White tips, spots, stripes, or patches on grass are usually signs of disease stress on your lawn. Taking control measures to fix the grass that’s turning white as soon as possible is key to recovering the lawn into a healthy state. Most of the fixes that work will depend on the cause and may include disease management, drought control, and correct application of fertilizer application. But why is your grass turning white and how do you fix it?
The most common reason for grass turning white is a fungal infestation called powdery mildew. Gray leaf spot and blight can also lead to white patches on the lawn. Apply a fungicide on the lawn to kill the fungus then increase sunlight exposure in shaded areas to prevent discoloration.
Why is my grass turning white?
Loss of color and whitening of grass blades is commonly caused by a variety of plant diseases such as powdery mildew, gray leaf spot disease, Fusarium patch, and Fusarium blight. Other factors that may also cause the grass to turn white include lawn mower damage, drought, fertilizer burn, and soil deficiencies.
Here are the possible reasons why your grass is turning white:
The most common reason grass turfs turn white is a lawn fungal disease called powdery mildew. This plant disease appears as white patches on grass blades, significantly diminishing the lawn’s visual appeal. The dust-like, white coverings (powdery mildew) are caused by a fungal organism known as Erysiphe graminis.
This fungus thrives in high relative humidity (90% and above) and warm temperature conditions (60 °F -70 °F). Low light intensity also favors the survival of Erysiphe graminis, thus your grass is more likely to develop powdery mildew if it’s growing under a shade. Also, powdery mildew infection only occurs when the weather is warm and dry.
When conditions are most favorable, the fungus produces powdery spores on the grass blades, hence the name ‘powdery mildew’. Take note that young, developing grass (new sod) is more vulnerable to powdery mildew.
Note: Some turfgrass varieties such as Kentucky bluegrass are more susceptible to powdery mildew compared to others.
Gray leaf spot
Gray leaf spot disease also causes white or bleached spots on grass blades. This disease is caused by a fungus known as Pyricularia grisea. This fungus thrives in warm and high humidity conditions, as well as overwatered and overfertilized lawns. The whitish spots are usually accompanied by dark grass blade edges.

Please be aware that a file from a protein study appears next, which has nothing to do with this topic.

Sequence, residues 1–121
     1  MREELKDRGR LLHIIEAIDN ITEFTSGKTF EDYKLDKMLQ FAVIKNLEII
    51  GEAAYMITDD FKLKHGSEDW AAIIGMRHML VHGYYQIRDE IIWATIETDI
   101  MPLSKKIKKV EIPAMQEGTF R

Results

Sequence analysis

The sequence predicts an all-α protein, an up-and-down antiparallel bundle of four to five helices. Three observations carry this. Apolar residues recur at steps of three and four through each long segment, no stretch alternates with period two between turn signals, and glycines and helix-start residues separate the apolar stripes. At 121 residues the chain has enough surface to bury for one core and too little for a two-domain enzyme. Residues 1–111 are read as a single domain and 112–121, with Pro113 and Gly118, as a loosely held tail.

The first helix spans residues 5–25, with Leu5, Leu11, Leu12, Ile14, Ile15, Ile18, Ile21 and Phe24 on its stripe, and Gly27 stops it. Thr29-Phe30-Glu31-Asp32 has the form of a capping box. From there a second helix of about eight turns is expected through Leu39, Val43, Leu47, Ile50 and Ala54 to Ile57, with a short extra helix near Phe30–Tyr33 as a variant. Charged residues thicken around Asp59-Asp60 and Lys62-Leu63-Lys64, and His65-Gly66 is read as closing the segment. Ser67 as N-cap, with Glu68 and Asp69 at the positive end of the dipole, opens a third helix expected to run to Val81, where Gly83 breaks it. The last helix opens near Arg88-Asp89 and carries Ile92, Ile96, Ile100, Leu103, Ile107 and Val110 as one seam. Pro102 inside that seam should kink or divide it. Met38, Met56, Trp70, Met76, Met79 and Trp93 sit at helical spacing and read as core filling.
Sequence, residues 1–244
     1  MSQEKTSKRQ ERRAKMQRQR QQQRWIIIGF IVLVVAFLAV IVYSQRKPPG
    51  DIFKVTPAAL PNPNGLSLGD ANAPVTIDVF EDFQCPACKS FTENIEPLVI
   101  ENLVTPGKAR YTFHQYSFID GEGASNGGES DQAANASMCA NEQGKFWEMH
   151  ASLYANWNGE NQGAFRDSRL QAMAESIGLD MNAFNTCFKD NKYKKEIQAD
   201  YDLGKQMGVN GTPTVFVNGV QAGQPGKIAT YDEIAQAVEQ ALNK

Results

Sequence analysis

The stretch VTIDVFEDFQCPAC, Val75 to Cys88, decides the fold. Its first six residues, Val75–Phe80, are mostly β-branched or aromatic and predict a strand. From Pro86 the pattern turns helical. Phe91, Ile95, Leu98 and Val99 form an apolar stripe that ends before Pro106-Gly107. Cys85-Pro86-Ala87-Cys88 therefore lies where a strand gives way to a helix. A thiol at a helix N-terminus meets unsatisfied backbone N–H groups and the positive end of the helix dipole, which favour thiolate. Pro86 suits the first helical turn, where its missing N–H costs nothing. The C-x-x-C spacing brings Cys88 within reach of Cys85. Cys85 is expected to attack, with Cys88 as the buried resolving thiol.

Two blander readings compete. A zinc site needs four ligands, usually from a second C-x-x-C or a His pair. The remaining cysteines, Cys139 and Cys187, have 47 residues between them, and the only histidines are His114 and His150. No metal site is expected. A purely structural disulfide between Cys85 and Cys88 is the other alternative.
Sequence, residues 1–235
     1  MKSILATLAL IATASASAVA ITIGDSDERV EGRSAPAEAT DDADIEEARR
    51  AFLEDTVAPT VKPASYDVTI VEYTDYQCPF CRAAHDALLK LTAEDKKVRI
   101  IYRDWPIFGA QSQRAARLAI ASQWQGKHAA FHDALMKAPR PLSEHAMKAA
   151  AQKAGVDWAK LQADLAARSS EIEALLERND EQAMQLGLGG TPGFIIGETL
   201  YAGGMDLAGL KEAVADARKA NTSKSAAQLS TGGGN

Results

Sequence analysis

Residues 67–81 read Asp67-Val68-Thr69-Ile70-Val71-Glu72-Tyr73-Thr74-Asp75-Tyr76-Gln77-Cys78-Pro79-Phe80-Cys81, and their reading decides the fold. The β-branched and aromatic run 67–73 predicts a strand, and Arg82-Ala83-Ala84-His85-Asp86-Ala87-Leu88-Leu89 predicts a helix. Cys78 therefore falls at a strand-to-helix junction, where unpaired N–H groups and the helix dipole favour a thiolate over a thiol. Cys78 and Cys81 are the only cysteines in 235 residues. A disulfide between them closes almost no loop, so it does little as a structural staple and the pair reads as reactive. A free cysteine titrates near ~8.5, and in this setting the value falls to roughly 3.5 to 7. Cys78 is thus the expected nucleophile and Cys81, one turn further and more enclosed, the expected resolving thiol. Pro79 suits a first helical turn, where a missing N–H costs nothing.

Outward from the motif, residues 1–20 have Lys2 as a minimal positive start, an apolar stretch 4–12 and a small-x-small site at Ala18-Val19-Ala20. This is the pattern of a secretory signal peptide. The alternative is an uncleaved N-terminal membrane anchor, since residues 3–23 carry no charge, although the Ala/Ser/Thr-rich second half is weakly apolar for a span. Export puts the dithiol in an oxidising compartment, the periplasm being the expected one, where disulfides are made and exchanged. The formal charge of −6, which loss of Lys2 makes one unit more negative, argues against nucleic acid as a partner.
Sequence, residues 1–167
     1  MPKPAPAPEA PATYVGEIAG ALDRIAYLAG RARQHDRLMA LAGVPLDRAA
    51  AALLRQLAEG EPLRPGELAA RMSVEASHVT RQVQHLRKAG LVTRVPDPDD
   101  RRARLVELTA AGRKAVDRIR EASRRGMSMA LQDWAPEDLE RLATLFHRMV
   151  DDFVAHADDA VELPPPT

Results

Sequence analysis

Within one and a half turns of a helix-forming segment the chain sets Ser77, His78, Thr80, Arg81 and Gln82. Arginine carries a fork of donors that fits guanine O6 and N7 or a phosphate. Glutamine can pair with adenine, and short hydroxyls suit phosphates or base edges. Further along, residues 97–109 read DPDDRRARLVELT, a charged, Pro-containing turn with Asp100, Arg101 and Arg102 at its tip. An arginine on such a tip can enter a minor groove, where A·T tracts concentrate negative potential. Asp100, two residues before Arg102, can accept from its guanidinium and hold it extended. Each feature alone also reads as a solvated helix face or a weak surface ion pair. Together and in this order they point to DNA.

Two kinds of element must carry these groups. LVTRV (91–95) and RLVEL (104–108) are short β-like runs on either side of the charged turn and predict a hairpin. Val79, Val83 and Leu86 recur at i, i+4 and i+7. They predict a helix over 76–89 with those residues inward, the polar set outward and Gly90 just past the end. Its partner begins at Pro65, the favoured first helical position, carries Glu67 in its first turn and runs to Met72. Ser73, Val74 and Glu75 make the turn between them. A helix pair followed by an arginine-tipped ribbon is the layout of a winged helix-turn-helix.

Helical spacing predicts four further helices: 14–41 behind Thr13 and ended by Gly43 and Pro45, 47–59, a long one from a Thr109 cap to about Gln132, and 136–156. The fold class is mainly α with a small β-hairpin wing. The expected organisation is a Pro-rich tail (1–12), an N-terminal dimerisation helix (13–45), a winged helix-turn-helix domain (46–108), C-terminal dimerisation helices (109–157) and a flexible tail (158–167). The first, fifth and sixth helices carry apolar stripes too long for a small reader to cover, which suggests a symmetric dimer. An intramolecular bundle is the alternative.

Gray leaf spot is common in warm-season turfgrass varieties like St. Augustine grass.
Fusarium patch and fusarium blight
Fusarium patch and Fusarium blight are two diseases caused by fungal organisms and cause a whitish/bleached appearance on certain types of grass at certain stages of infection. The latter is known to affect Kentucky bluegrass and starts off as gray-green circles before evolving into bleached patches of grass.
Fusarium patch, on the other hand, affects annual bluegrass, Kentucky bluegrass, and creeping bentgrass. It causes grass blades to appear soggy at the onset of infection before causing them to spot a bleached appearance later on.
While both fungal diseases thrive in heavily thatched lawns, Fusarium patch prefers cool conditions while Fusarium blight prefers warm weather conditions.
Herbicide side effect
In some cases, your grass may turn white after the application of selective herbicides to target specific grassy weeds in the lawn. For example, Tenacity Turf Herbicide is known to be a good crabgrass killer that’s safe for lawns but can bleach your turfgrass if not applied according to the instructions on the label.
I’d advise that you ALWAYS check the label for guidance on what turfgrasses the herbicide will be safe for. Also, adhere to the mixing and application instructions of herbicides such as 2,4-D to prevent bleaching your grass.
Lawn mower damage
Another common cause for grass discoloring and turning white is damage from a lawnmower. This happens when you cut your grass too short and remove too much of the grass blades resulting in a turf that can’t effectively photosynthesize to make its own energy. As the grass weakens, the blades fade in color, appearing whitish-grey.
Additionally, grass blade whitening may occur if you mow your grass with a lawnmower that has a blunt blade. The dull blade causes a frayed, pale white appearance at the top of the cut grass blades.
I would recommend a lawnmower that produces a clean cut if this is a problem you’re facing, such as the Fiskars Stay Sharp Max Reel Mower.
Pro tip: The whitening of grass caused by lawnmower damage is usually more prominent across the entire turf as opposed to powdery mildew that appears as sporadic white patches.
Though not a common cause, prolonged drought may also cause the tips of grass blades to appear frayed and turn white. This usually occurs during seasonal droughts when there’s no rainfall and the soil becomes too dry.
If you live in an arid or semi-arid region and don’t adequately irrigate your turf, the grass is at risk of developing white tips.
Mineral deficiencies and fertilizer burn
White marks on grass can also be caused by abiotic disorders such as fertilizer burns and mineral deficiencies in the soil. Fertilizer can burn your grass, resulting in white stripes on the grass blades a short while post-application.